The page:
What does a pattern for doll-making have to tell us about the racial and gender politics of American suffragists in the 1910s? The Little Suffragist Doll sewing pattern from 1914 seems quite simple. Her front and back printed on cotton cloth, this smiling little doll-in-waiting begs to be made three-dimensional. She is rosy-cheeked and bedecked with yellow suffrage roses, representing an attempt on the part of mainstream suffragists to convince the public that suffragism had not damaged their feminine sensibilities or maternal impulses. A mother might make this doll with her daughter, showing that maternal care could be fused with the desire for the vote. But this floppy fabric girl is more complicated than she seems. What she cries out for is not just the vote, but also the use of Southern cotton and the end of child labor. Understood in context, this doll illuminates the complex strategies of mainstream suffrage organizing, bringing together concerns about motherhood, the Southern economy, child labor, and white supremacy.
Lillian E. Whitteker, an artist and suffragist from Cincinnati, designed and circulated this simple sewing project in 1914. The instructions assume almost no expertise, leaving little to the stitcher’s creativity. Even the stuffing material is outlined: “cotton batting makes the best stuffing.” The card that came with the pattern reinforces this point, revealing cotton to be perhaps the most important aspect of this project. The card reads:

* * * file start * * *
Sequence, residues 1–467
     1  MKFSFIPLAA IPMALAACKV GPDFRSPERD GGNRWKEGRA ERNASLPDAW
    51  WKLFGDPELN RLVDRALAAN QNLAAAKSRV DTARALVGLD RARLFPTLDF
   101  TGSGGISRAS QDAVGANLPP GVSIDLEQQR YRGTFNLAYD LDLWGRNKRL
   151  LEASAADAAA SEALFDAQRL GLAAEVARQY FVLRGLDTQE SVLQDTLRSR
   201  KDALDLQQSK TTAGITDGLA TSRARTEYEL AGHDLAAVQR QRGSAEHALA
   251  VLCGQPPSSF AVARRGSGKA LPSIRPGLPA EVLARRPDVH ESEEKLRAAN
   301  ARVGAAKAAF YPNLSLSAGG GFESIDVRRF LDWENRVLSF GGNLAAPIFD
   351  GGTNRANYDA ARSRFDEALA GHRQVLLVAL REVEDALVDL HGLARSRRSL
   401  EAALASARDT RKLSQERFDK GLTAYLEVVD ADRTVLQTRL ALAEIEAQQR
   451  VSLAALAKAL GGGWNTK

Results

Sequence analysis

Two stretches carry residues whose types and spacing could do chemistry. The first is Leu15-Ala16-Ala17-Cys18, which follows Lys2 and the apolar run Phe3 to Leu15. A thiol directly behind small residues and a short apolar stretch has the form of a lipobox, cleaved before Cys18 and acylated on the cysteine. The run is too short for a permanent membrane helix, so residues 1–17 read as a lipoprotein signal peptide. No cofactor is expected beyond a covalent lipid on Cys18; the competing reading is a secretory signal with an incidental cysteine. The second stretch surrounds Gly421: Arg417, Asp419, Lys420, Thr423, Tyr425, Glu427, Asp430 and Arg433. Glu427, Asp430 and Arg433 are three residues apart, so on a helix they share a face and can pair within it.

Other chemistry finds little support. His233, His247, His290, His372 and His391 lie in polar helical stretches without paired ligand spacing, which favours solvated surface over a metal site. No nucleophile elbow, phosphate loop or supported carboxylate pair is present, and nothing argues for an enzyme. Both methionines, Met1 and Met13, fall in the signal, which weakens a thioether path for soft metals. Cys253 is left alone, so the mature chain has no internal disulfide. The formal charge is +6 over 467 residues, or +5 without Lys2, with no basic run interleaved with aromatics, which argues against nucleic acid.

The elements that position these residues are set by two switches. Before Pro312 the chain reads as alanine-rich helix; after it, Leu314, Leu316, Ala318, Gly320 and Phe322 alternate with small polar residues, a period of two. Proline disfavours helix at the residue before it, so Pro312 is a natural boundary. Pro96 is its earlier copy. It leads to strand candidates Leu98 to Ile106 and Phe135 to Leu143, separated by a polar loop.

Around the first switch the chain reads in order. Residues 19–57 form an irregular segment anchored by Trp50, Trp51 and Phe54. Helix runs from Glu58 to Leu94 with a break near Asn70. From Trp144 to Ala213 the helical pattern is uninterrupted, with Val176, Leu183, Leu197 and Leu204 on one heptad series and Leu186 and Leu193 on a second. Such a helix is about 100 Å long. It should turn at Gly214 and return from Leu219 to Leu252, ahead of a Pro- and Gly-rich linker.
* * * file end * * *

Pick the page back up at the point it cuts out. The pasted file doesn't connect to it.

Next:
This card confirms that the use of cotton was the ultimate goal. Made simply, the doll might be stitched by children, but also might be fabricated in huge quantities (lots of 5,000!) and displayed to encourage the purchase of cotton. Together, suffragist mothers and daughters might help to “Use the Cotton Up.”
“‘Buy-a-Bale’ ‘Buy-a-Doll’ and Use the Cotton Up”
In July 1914, World War I broke out in Europe, crushing European demand for American cotton. Southern cotton farmers saw their goods languishing in the marketplace and feared total collapse of the market. The 1914 crop had been the biggest in U.S. history and millions of bales of cotton suddenly seemed near valueless.2 Cotton farmers and buyers quickly developed an agreement: this cotton would be withheld from the market. Politicians, businessmen, and housewives alike agreed to a flat rate of ten cents per pound for cotton bales and all buyers agreed not to sell their bales for at least a year. Buyers who supported the movement were told that they might even turn a profit on their “distress cotton.”3 Many organizations, including the National American Woman Suffrage Association (NAWSA), saw the campaign as a chance to show their support for the Southern economy. For years, NAWSA had been working to court Southern suffragists and endorsement of the “buy-a-bale” movement seemed like a perfect opportunity.
NAWSA president Dr. Anna Howard Shaw led the national organization’s official “buy-a-bale” campaign, sending checks to fourteen affiliated state associations to support the purchase of cotton bales. These state chapters were instructed to “buy a bale of cotton and hold it until the market recovered.”4 Many associations urged their own membership to increase their cotton purchasing, not necessarily as an investment, but as a product to use in the home.5 Lillian Whitteker designed the doll in this context, as a tool to support the Southern economy and celebrate the maternalism of suffragists as they protected the cotton market and the little children.